One of the events that took place at the same venue as the recent World IT Show 2012 was the 8th Korean Communications Conference. The event was attended by a number of world leaders as well as leading figures of companies from the the communication space. We were present for two talks – one by Nokia-Siemens Networks’ CEO, Rajeev Suri and the other by Korea Telecom head, Lee Suk-Chae. 

The theme of the convention was simple – to try and look at what the future of telecommunications and broadband infrastructure would be like. First on stage was KT’s Lee Suk-Chae. The emphasis was on the value of the amount of data around the world. He chose to term the data as virtual goods, be they apps, media or software. Data was collected by several research agencies and there were some interesting numbers that were shown off. The value of the virtual goods market, for example, is said to grow to some $160 billion in the next three years. Apps and games are going to account for most of these numbers, while there were new kinds of media that were going to add to this value even more. 3D printing was also going to pick up allowing designers to be able to pass on their product designs to remote 3D printing systems.

Lee Suk-Chae, CEO, KT

Lee Suk-Chae, CEO, KT

High-speed networks were more than just quick access to apps and media over the Internet. The Internet is going to enable a whole bunch of other possibilities as well. New startups are now possible with very basic investment. Another trend that’ll quickly pick up is the ability to work smartly from home. This brings along a lot of benefits as well – employees won’t have to travel long hours from home to work, which means less traffic on the roads, lower expenses and a reduction in pollution. Problems with industries due to geographical distances will also be reduced. Companies can be set-up around the world and different groups of employees can work through the day, thus improving productivity. Lee Suk-Chae also spoke about the mobile traffic in Korea. It’s supposed to be the fastest in the world, in terms of expansion. Mobile traffic is said to increase 10 times by 2015. Data usage in Korea is already the highest in the world, despite its lower population, as compared to India and China. Most of the predictions and reports were sourced from Cisco.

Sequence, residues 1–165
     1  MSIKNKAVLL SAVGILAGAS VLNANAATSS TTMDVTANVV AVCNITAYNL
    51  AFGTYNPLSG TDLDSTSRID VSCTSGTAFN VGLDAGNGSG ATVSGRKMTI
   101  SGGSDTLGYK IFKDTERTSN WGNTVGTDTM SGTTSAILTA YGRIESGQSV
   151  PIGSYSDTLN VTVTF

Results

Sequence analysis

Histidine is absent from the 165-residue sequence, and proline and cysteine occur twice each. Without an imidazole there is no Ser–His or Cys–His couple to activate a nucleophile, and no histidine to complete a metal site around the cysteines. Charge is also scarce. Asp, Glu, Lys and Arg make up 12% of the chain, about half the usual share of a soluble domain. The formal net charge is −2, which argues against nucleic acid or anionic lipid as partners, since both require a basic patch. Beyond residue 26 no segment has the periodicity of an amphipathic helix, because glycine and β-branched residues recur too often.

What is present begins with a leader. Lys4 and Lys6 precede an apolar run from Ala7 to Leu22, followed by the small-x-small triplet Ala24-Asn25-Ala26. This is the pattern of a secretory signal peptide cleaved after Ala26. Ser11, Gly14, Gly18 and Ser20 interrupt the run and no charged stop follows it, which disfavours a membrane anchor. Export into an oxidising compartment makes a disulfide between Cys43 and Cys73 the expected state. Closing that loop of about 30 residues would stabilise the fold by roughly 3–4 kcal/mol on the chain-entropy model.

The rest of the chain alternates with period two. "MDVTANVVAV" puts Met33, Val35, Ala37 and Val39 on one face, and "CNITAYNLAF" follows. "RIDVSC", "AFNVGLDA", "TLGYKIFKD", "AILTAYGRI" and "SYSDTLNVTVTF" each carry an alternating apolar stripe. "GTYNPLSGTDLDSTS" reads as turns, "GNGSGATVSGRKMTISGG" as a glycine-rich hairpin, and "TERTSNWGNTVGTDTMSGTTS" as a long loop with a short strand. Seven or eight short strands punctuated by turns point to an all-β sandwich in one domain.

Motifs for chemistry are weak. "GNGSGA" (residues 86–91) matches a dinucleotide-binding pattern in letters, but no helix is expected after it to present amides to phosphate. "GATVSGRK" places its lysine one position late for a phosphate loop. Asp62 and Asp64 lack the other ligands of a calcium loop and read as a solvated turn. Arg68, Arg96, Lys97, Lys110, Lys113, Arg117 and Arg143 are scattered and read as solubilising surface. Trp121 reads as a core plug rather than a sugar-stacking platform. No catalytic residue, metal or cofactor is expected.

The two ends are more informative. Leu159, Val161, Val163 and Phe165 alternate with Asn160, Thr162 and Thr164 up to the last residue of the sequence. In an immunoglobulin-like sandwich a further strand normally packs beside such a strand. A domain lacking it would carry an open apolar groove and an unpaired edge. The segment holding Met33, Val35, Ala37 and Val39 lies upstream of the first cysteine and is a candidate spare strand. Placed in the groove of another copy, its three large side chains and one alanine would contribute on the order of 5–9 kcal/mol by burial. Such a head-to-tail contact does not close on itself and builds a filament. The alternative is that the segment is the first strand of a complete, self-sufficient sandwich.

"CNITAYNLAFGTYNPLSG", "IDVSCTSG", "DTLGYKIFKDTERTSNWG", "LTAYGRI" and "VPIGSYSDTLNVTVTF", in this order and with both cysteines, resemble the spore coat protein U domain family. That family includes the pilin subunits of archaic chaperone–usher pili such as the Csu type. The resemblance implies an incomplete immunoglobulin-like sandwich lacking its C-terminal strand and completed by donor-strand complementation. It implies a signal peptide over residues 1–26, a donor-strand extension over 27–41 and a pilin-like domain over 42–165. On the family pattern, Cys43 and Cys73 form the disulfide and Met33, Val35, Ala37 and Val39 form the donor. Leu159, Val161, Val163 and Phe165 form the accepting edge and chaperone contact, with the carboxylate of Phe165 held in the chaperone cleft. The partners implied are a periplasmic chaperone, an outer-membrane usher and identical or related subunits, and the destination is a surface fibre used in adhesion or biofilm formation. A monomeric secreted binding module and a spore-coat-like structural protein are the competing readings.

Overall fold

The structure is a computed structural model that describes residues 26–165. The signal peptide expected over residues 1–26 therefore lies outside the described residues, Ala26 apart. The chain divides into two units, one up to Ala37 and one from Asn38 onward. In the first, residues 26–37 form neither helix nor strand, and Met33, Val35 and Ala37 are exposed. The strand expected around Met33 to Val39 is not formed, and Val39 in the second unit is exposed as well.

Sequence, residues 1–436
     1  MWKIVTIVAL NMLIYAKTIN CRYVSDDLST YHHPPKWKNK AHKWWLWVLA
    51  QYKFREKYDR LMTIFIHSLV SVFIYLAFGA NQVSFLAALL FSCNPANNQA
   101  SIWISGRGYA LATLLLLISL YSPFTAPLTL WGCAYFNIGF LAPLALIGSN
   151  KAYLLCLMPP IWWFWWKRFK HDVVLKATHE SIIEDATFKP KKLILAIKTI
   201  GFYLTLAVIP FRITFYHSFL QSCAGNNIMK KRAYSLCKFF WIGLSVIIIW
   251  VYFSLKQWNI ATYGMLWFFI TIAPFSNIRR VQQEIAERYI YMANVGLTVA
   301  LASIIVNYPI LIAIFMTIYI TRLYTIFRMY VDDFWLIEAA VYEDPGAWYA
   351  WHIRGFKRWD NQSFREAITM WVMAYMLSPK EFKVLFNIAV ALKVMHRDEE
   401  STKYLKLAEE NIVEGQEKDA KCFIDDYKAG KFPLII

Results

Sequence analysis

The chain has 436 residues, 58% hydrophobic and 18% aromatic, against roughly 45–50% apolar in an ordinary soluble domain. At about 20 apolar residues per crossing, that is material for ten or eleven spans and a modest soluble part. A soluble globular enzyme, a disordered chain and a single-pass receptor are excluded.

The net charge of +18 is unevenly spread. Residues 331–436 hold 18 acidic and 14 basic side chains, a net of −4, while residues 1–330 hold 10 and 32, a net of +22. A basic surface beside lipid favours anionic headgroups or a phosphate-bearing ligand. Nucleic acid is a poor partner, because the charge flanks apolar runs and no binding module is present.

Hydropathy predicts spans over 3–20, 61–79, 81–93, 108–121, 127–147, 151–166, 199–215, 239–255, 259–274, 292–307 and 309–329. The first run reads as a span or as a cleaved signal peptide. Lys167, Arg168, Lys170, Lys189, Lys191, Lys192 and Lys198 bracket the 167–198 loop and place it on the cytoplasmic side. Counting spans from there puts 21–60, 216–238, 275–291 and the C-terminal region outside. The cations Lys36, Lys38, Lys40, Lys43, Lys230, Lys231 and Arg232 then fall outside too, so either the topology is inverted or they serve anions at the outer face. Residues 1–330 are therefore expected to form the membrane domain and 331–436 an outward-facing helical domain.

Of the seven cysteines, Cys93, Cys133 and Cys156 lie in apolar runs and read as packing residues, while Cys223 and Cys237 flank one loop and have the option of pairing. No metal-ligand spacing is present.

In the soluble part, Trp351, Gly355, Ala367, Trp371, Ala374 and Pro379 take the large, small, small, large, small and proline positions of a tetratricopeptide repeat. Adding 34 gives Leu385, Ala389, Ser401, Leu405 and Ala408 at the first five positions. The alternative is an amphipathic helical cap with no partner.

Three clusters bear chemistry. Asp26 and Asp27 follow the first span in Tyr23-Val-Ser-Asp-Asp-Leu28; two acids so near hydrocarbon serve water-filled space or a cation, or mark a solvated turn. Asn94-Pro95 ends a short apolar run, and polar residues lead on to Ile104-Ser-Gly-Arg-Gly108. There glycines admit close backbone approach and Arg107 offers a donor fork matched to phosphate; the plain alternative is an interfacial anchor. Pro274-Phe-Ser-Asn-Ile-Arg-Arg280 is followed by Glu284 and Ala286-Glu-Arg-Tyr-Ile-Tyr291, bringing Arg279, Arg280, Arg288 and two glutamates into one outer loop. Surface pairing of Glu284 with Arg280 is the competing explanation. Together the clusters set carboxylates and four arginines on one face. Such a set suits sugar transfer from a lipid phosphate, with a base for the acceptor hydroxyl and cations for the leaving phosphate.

The case of mobile traffic in KT is also very impressive. 3G and LTE are already present in the country, with KT having launched LTE, earlier this year. Data consumption, since January 2009 to March 2012 increased by some 153 times. It’s expected to rise some 1000 times more. This is likely to be driven by the influx of smart devices in the market. 3D content, high definition displays and larger screens are likely to drive the demand for fast data rates on the Internet. The talk is particularly important as Korea always has been the benchmark for a look at the future. The trends seen in Korea today are expected to hit other countries in the near future. 

Rajeev Suri, CEO, Nokia-Siemens Networks

Rajeev Suri, CEO, Nokia-Siemens Networks

Another important figure to speak at the conference was Nokia-Siemens CEO, Rajeev Suri. Soon after he arrived on stage, he spoke about the sudden acceleration of data demands over the past decade. The first handheld phone appeared in the 70s, but it’s only since 2000 or so that data became an important part of people's lives. 3G, mobile e-commerce are only products of this transition. Some interesting figures were also given by him, which helps put into perspective the amount of media that was uploaded to the Internet everyday. The slide in this presentation spoke about some 90,000 Twitter posts being made per minute and some 60 hours of video uploaded to the Internet per minute. The use of social medium and interactive media is going to drive the future. It’s just not consumers who are using these services, but also companies. For example, some 75 percent of all companies today use Twitter as a medium for marketing. Rajeev also spoke of NSN’s own Liquid Net technology and its ability to scale, depending on the needs of a customer. 

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